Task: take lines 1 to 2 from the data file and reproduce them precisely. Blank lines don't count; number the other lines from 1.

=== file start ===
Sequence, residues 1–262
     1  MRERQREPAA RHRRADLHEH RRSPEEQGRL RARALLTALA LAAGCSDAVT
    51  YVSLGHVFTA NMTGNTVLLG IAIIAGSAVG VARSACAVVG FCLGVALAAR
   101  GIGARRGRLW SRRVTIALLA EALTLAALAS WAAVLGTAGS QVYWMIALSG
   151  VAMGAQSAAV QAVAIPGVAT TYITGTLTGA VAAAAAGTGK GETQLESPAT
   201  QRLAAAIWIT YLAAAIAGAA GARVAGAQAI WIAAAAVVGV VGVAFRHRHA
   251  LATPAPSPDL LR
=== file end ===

Sequence, residues 1–262
     1  MRERQREPAA RHRRADLHEH RRSPEEQGRL RARALLTALA LAAGCSDAVT